90125, taken from the Atlantic Records catalog number, sold more copies than any previous Yes album. This success was helped by the number-one smash, "Owner of a Lonely Heart," a melancholy reading by Jon Anderson, backed by Rabin's Kinks-inspired guitar riffs. MTV rotation of "Owner" and its tuneful follow-up "Leave It", carried 90125 to six million sales between 1983-85. Yes also received a Grammy for the instrumental "Cinema", which proved their sterling musicianship also remained a priority.

The band also toured behind the album, in a series of well-received concerts. In England and North America, some die-hard fans expressed their dislike of Trevor Rabins influence on the band. But, for Rabin's part, he had been reluctant to reform Yes. Moreover, many younger fans were introduced to the earlier Yes catalog because of the success of the 90125 album. Finally, it can be argued that Yes would never have made a comeback in the 1980s without Trevor Rabin.

In 1986, Yes began recording their next album with Trevor Horn, but the production became bogged down with artistic differences and drugs. Eventually, the Big Generator album debuted in 1987, with Trevor Rabin assuming studio control. The singles "Love Will Find a Way" and "Rhythm of Love" were modest chart hits compared to 90125. Still, this album is considered more 'progressive' by Yes standards, and did sell two million copies, in what would be the band's last commercial success in the rapidly changing musical climate.

While Yes members, old and new, quarreled over the Yes name in the Anderson Bruford Wakeman Howe controversy, Trevor Rabin completed his fourth and last to date solo album, Can't Look Away, released in 1989. It featured lead single "Something to Hold On To," which garnered a Grammy for Best Music Video. But, apart from sporadic airplay, neither "Something to Hold on To", nor the anti-apartheid ballad "Sorrow (Your Heart)" managed to crack the fickle American charts. However, Trevor Rabin toured in 1989.. This tour, one of Rabin's favorites, has since been documented by the 2003 Live in L.A. album.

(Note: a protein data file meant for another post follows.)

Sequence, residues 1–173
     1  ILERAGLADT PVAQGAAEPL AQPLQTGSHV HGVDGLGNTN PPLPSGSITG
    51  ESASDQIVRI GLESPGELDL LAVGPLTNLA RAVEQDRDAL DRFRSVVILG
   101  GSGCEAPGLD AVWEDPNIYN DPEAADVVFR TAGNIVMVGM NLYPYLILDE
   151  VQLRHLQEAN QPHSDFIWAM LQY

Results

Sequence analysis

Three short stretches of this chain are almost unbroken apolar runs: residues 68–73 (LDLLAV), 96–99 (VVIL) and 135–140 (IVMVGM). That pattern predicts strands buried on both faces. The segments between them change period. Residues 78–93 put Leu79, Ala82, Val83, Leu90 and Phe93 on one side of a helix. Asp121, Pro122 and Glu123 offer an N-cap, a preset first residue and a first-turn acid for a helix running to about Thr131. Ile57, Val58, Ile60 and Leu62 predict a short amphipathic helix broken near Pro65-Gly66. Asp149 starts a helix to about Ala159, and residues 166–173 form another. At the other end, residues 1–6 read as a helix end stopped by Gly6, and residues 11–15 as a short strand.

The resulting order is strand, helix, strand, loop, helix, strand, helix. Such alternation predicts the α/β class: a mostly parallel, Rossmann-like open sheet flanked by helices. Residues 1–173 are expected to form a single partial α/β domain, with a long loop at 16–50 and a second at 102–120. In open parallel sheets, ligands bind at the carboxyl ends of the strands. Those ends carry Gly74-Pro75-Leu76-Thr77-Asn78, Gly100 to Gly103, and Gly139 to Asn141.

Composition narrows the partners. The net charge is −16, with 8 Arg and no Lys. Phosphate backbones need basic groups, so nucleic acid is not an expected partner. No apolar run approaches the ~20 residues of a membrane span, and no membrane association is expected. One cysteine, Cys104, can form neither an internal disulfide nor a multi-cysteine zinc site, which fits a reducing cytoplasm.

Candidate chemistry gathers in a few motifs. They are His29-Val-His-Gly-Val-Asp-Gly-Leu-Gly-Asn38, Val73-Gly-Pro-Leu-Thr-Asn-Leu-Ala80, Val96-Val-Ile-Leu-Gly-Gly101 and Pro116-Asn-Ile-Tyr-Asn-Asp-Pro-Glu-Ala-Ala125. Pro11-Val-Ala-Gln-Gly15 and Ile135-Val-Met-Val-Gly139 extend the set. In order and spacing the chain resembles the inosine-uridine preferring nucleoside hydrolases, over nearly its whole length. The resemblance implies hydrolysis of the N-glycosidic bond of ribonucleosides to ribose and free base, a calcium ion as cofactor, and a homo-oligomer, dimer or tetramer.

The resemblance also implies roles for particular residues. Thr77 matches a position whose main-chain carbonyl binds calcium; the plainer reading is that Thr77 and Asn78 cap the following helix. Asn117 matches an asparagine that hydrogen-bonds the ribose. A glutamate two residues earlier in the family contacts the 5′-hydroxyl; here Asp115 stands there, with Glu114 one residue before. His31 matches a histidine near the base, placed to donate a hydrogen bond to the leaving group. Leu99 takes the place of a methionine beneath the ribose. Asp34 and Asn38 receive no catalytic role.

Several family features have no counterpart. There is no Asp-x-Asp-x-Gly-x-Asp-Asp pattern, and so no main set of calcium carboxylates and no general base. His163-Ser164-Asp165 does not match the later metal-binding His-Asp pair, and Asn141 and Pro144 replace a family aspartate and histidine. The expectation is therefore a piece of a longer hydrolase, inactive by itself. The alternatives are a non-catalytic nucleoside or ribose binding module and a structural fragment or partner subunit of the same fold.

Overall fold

In 1991, Yes reformed with a short-lived eight-man lineup under the Union album. Arista, the label responsible for ABWH, took on the project. During the prosperous tour, Trevor Rabin shared the stage with Steve Howe, albeit with some tensions between the two guitarists. Union had four songs with Trevor Rabin's credits, including the singles "Lift Me Up" and "Saving My Heart". However, Rabin's best work is represented by the lyrical composition "Miracle of Life", which sounded as if it could have been included on Big Generator.

1992-93 marked a series of negotiations between the short-lived Victory label and the so-called Yes West. Phil Carson, responsible for Emerson, Lake & Palmer's comeback in 1992, invited the Yes 90125 lineup to record a third album. Trevor Rabin produced Talk, which used an innovative hard-disk recording method now in common use in many recording studios.

Talk featured the collaboration between Rabin and Jon Anderson, who had hitherto completed the last few albums after the principal writing. With the exception of a couple filler tracks, the album represents a fusion between old and new Yes. Despite the lineup's best performance on tour, Talk failed to sell as expected, because the AOR radio format had become moribund. "The Calling" failed to catch interest as single material, despite its vintage Yes stamp. No videos were made to promote the new album. Many Yes fans, old and new, list Endless Dream (from the "Talk" album), as one of group's best songs.

Post-Yes

Following the 1995 tour, Trevor Rabin resigned from Yes to become a soundtrack composer.

Trevor Rabin had served as guitarist-composer for one of progressive rock's flagship bands. Yet, after 14 years of recording, he only appeared on three and one half albums. However, the Rabin albums have sold more than all other YES albums combined. Since Rabin's departure, the band has changed its keyboardists four times. Significantly, none of the later Yes albums have enjoyed much success, despite the return of the "classic" line-up. Their worldwide fan-base remains quite vital, however.

Significantly, Trevor Rabin has been a U.S. citizen since 1991. In 1996, he visited his native South Africa and performed Yes and Rabbitt songs during the Prince's Trust Concert. Trevor Rabin released demo versions of pre-90125 Yes compositions and solo work, entitled 90124, as well as Live in LA, recorded at the Roxy in LA in 1989. Most recently, aside from his film work, Trevor Rabin performed at the Princess Trust with YES in London, at the Wembley Arena, where he served as lead guitarist and lead singer.

Trevor Rabin has scored over 2 dozen films which include: Con Air, Homegrown, Armageddon, Enemy of the State, Jack frost, Deep Blue Sea, Gone in 60 Seconds, Remember the Titans, The 6th Day, Banger Sisters, Kangaroo Jack, Bad Boys 2, The Great Raid, The Exorcist, National Treasure, Coach Carter.

Along with many Grammy nominations and one win, Trevor Rabin also has received 8 BMI film score awards, and has received a lifetime achievement award from the Temecula film festival. He has been married for two decades to Shelley Rabin. They have one son, Ryan Rabin, who recently began his own promising career as a rock drummer in Los Angeles.